In the News The Clarion-Ledger

Informant's Testimony Expected

Tobacco company whistle-blower Jeffrey Wigand is expected to be among witnesses during the trial of a lawsuit over second-hand tobacco smoke.
Plaintiff lawyers representing the family of cancer victim Burl Butler listed Wigand and industry insider Ian Udyss among their witnesses.
The tobacco industry's long-running attack on Wigand's credibility has grabbed headlines since 1995 and inspired a movie.  He's expected to come under attack again.
Brown & Williamson Tobacco Corp. attorney Andrew McGaan on Friday said he wants to raise questions about Wigand being paid by one of the Butler family's former lawyers.
"Mr. Wigand has a very special relationship with plaintiff's former counsel, " McGann said, referring to attorney Ron Motley of Charleston, S.C.
Wigand, former director of research for Brown & Williamson Tobacco Corp. of Louisville, Ky., told lawyers for the state and the Butler lawsuit in a 1995 deposition that B & W hid potentially damaging research and that its chairman lied to Congress by saying it didn't believe nicotine was addictive. 
Udyss, a former Philip Morris scientist, told the Food and Drug Administration in 1996 that the company manipulated nicotine levels.
Both men may testify by deposition.
Butler, who did not smoke, sued the tobacco industry seven years ago, claiming that he contracted lung cancer from breathing customers' cigarette smoke in his Laurel barber shop.  His family sued the tobacco industry for $650 million in 1994 after he died.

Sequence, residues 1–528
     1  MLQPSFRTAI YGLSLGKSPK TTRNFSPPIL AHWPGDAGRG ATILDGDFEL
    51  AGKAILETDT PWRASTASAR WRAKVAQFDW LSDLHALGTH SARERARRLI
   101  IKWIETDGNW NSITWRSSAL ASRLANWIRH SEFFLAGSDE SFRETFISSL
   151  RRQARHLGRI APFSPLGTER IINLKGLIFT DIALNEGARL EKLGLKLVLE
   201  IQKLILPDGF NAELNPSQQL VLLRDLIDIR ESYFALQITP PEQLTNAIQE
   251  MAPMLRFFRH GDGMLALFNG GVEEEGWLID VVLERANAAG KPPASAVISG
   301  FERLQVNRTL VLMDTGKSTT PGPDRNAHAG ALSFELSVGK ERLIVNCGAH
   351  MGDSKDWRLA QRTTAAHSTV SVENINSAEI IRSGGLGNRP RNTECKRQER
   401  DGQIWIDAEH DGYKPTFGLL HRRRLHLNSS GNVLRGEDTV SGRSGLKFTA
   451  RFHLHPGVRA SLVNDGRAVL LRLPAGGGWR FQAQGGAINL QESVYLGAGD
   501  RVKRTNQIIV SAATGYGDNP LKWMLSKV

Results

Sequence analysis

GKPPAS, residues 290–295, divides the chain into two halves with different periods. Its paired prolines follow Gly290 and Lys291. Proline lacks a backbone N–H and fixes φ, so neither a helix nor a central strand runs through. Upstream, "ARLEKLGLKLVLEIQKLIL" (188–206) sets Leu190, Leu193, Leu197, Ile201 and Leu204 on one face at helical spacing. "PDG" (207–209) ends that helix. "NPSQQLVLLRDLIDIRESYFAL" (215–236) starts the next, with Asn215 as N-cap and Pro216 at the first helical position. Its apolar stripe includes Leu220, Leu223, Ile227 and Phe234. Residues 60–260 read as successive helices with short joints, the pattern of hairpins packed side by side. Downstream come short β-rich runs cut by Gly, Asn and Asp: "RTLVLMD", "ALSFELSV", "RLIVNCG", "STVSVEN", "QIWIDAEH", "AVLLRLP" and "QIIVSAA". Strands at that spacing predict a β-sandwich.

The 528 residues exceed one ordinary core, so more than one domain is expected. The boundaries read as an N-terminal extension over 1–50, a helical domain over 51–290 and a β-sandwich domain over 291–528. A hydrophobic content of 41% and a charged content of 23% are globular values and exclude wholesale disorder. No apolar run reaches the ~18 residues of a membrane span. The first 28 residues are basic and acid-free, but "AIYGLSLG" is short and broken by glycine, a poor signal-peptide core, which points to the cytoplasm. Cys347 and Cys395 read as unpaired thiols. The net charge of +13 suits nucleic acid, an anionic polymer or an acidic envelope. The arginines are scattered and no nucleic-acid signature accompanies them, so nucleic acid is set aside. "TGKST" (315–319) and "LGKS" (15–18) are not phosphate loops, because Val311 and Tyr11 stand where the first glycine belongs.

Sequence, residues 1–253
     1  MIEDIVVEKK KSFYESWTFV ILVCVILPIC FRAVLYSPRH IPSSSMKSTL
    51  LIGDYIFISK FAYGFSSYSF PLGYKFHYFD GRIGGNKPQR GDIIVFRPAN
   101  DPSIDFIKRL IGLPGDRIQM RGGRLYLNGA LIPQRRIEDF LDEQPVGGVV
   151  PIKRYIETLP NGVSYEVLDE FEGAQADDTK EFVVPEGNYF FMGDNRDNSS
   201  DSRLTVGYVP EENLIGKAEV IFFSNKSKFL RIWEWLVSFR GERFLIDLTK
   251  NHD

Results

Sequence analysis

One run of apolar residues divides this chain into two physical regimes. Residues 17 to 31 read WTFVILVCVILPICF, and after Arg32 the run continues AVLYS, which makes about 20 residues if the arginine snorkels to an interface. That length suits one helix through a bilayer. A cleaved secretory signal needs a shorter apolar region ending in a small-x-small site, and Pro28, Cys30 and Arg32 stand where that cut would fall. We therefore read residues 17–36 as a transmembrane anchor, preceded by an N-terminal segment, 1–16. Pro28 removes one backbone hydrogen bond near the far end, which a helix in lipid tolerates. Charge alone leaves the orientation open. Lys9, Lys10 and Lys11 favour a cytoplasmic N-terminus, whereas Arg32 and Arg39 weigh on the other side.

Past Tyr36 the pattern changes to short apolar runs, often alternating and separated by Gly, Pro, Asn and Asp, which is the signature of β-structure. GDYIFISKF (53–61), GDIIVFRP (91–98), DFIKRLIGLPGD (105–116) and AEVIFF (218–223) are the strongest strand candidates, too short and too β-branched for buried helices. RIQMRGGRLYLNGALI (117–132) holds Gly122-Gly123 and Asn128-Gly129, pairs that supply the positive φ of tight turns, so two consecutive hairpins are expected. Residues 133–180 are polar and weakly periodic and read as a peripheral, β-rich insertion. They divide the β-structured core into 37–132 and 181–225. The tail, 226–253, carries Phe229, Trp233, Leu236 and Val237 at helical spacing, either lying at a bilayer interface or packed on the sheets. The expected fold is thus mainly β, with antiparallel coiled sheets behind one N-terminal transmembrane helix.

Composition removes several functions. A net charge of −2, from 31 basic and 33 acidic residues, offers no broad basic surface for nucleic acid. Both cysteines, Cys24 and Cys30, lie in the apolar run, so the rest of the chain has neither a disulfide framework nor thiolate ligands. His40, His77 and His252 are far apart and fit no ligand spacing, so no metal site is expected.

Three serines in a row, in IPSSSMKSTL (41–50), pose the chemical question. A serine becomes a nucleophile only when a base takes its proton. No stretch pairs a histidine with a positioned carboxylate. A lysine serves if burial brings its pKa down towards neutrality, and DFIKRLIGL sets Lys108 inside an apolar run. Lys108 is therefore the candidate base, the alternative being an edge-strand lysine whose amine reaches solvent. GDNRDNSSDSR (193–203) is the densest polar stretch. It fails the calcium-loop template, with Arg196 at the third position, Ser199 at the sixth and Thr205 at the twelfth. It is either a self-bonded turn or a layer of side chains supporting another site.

Sixty-six people were selected as potential jurors Friday.  They return Monday for questioning.  Circuit Judge Robert Evans said he expects opening statements to be Tuesday and testimony to begin Wednesday.  Testimony could last six weeks.
The lawsuit evolved amid a nationwide assault on the tobacco industry.  But jurors won't hear much of that history.  Evans, in a series of rulings Friday, limited testimony.
He prohibited discussion of the national attorney general's settlement with the tobacco industry.  The tobacco industry can't tell jurors that Butler's family accused their former lawyer, Motley of selling them out, sued his firm and settled.
And the industry can't refer to stolen documents when talking about Brown & Williamson internal records handed over to lawyers in Mississippi's suit by whistleblower Merrill Willams.  Evans preferred "taken with or without authorization" to describe the former paralegal's action relating to documents he copied while he worked at a Louisville, Ky., law firm that represented Brown & Williamson.  The documents are expected to be shown to jurors.  Williams is not a witness.
In a ruling that took away a piece of information plaintiffs had hoped to use, Evans said they can't rely on testimony about the Food and Drug Administration's attempt to regulate nicotine as a drug.  McGaan successfully argued that the FDA action was inadmissible because an appeals court said FDA lacked authority.
Plaintiff lawyer T.Roe Frazer argued unsuccessfully that Butler's lung cancer was a primary cancer caused by environmental tobacco smoke and that cigarettes are a defective product.  Evans said a jury must decide.
Furr pointed to physicians who will testify for the defense that Butler also had cancer of the kidney, thyroid, prostate and pancreas, and that cancer had spread to his brain and bones.
This article has been reprinted with permission of The Clarion-Ledger, May 9, 1999.